rolling stones jump on top of me 1994Can You Hear the Music?


If you like this please consider supporting the site. Your donation helps to do what I do. Thank you!  *Donate here

Rolling Stones songs: Jump On Top of Me
*Click for 

When we first met, we were both so young/ We didn’t give a damn, how the clock would run…

*UK B-side of You Got Me Rocking
Written by: Jagger/Richards
Recorded: Sandymount Studios, Kildare, Ireland, July-Sept. 1993; Windmill Lane Studios, Dublin, Ireland, Nov-Dec. 1993; Don Was Studio and A&M Studio, Los Angeles, USA, Jan-Apr. 1994
Guest musicians: Darryl Jones (bass), Chuck Leavell (keyboards), Frankie Gavin (fiddle)
*Data taken from Martin Elliott’s book THE ROLLING STONES COMPLETE RECORDING SESSIONS 1962-2012

From the The Rolling Stones – All the Songs book:
Blues rock is a genre in which the Stones’ faithful disciples by far outnumber their worthy rivals. “Jump on Top of Me” is a prime example of the supremacy in this field, combining as it does all the different elements of the band’s timeless aesthetic, starting with the harmonica that sounds as if it is straight out of Chess Studios, and the guitars of Keith and Ronnie. As for the song’s lyrics, they conform to the hedonist philosophy of their author, Mick Jagger.

After working excessively hard and feeling the pain, the last thing one needs is to be subjected to noise and cursing, and the only solution is to indulge in a good bout of lovemaking. “Jump on Top of Me” dates from the Voodoo Lounge sessions. It was worked up at Windmill Lane Studios in Dublin and then finalized and mixed in Los Angeles. This song was chosen as the B-side of the single “You Got Me Rocking.”

Along with “The Storm” and “I’m Gonna Drive,” “Jump on Top of Me” is one of the three songs written by Mick Jagger in a corner of the cafeteria at Windmill Studios in Dublin so that they could be laid down as quickly as possible during the Voodoo Lounge sessions. Listening to the results, one can only admire the quality of all three, each, according to Mick, recorded in a single take. “Jump on Top of Me,” an irresistible blues rock tinged with boogie-woogie, is perhaps the best of the bunch. Charlie once again proves his worth as a swing machine.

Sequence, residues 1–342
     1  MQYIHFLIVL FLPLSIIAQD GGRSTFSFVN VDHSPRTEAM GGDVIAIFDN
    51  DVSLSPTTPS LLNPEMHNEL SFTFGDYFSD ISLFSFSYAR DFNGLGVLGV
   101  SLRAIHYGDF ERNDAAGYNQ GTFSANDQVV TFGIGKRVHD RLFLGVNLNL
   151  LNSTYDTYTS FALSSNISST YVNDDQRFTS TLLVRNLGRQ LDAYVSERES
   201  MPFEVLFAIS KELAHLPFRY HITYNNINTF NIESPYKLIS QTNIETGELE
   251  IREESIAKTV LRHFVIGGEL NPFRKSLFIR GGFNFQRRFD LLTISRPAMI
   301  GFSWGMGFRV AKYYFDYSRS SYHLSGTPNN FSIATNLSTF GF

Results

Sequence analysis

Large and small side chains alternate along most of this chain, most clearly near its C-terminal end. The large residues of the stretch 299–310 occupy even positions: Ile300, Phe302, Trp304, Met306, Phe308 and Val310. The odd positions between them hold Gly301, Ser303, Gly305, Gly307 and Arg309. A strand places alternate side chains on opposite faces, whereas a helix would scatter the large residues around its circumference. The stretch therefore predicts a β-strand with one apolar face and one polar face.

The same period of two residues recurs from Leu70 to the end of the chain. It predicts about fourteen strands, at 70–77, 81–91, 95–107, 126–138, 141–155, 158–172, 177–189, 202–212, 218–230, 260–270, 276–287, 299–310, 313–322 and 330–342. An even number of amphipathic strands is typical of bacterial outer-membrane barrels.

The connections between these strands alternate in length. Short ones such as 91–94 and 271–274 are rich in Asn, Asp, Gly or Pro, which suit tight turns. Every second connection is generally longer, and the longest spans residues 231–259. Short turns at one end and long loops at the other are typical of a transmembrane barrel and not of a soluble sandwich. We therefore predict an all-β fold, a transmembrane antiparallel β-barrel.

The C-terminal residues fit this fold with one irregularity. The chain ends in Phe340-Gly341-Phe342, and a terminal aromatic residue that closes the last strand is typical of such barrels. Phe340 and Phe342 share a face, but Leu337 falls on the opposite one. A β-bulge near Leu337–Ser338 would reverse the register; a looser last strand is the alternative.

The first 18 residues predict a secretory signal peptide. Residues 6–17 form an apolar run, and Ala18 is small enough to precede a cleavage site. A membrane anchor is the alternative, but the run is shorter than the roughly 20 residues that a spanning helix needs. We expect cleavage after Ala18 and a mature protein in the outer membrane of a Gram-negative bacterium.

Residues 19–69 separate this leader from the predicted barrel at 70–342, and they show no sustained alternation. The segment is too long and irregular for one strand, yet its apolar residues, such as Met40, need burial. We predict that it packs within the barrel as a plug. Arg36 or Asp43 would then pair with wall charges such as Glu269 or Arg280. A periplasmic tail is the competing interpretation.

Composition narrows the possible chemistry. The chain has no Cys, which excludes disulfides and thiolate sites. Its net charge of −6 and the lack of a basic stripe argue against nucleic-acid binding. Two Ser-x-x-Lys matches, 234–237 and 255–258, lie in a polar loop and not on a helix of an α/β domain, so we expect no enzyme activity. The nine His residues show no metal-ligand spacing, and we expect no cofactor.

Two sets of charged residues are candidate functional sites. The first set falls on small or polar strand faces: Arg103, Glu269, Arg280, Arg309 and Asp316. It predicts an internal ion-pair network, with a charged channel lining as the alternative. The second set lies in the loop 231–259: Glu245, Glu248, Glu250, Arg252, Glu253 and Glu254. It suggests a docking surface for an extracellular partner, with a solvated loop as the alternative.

The albeit modest bass (whether it is played by Don Was or Darryl Jones) provides his beat with significant support, and the three guitars set the track on fire. Mick is responsible for the rhythm guitar intro, although until he is joined by the drums, his timing is not great. Keith takes care of the second rhythm part, while Ron is once again on slide. Each of them takes a short solo, and each one is highly effective. The first is played by Keith in more of a country than a rock style (1:17), the second by Mick not on guitar but on harmonica, with excellent vibrato (2:17), and the third by Ronnie on slide (3:44). “Jump on Top of Me” is a brilliant demonstration of the outstanding talent that continued to drive the Stones, and it is only a shame that it was not included on Voodoo Lounge.